Kyle Arrington: One of my favorite things about writing with Ken was our time on set. While filming, he was the director and I was an actor. Ken would call ‘cut’ and then we’d both become writers, tinkering with the trajectory of the scene. It was really exciting as an actor to be able to adjust the story when things weren’t working.

Was it always the intention for Ken to direct and Kyle to star?

Kyle Arrington: Maybe Ken always intended for me to be in the film but when we first started working, that was the furthest thing from my thoughts. Ken pitched it to me in a pretty hilarious manner. He said, ‘We don’t have any money so you’re gonna be Russell.’ How do you argue with that?

Ken J. Adachi: Kyle is a dual threat, an amazing writer and actor, and that was the main reason I approached him for collaboration in the first place. He also exerts kindness and we really needed that characteristic to balance out Russ, who could’ve easily become the least likable character in the film. All this fed into the early stage of my writing process without Kyle knowing and I pitched him the idea to play Russ when I knew he couldn’t say no.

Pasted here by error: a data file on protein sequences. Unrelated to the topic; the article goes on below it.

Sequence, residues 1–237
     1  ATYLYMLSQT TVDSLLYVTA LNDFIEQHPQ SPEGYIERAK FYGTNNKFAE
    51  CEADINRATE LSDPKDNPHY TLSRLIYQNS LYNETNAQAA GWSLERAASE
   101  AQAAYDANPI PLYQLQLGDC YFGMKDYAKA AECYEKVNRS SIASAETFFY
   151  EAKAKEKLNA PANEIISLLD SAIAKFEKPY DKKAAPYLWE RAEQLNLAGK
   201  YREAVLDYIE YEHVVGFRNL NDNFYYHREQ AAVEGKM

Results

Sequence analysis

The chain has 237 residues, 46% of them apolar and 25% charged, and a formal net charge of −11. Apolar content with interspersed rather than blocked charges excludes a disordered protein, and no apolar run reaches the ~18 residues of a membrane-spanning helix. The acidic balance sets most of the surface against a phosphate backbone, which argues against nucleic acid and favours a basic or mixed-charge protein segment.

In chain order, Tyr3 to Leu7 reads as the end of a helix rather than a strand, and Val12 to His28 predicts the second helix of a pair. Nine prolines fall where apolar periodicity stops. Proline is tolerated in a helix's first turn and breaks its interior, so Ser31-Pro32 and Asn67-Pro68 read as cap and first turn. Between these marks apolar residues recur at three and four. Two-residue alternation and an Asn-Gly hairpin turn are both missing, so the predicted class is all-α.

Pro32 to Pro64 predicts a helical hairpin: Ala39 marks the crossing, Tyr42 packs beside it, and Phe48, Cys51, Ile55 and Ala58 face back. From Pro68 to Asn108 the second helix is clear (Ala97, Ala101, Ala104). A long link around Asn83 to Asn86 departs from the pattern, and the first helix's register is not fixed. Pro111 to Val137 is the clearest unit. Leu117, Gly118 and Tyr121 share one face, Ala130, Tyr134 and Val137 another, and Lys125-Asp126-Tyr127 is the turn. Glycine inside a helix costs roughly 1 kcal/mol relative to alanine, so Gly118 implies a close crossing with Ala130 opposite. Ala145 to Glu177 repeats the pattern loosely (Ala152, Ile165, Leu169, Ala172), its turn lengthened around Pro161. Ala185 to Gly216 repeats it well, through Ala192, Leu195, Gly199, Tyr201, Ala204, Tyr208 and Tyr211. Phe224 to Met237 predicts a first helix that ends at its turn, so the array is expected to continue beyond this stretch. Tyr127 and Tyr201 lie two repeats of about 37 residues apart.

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Speaking of unlikable people, all the characters became unlikable at some point in the film. Was that intentional?

Kyle Arrington: Absolutely. I can’t imagine a scenario when you spend an extended time with family that each person hasn’t in some way annoyed you or done something you don’t approve of. It was important for us to level the field and not have one character stand out as ‘right’ – the one who the audience sides with from start to finish. Everyone needed their own journey and everyone is flawed. We wanted to show that in a very understanding, honest way.

Ken J. Adachi: And I also think grieving is inherently a selfish act. Everyone mourns in their own way and most people choose to only understand their own process. By creating three characters with distinctly different approaches to grief we wanted to challenge the audience to take sides like the siblings do in the film. If all three siblings were likable and relatable to every viewer then we would’ve been ignoring the complexities of the situation.

There are many great moments that capture the process of grieving alone and as a family. Which process did you find most difficult to convey?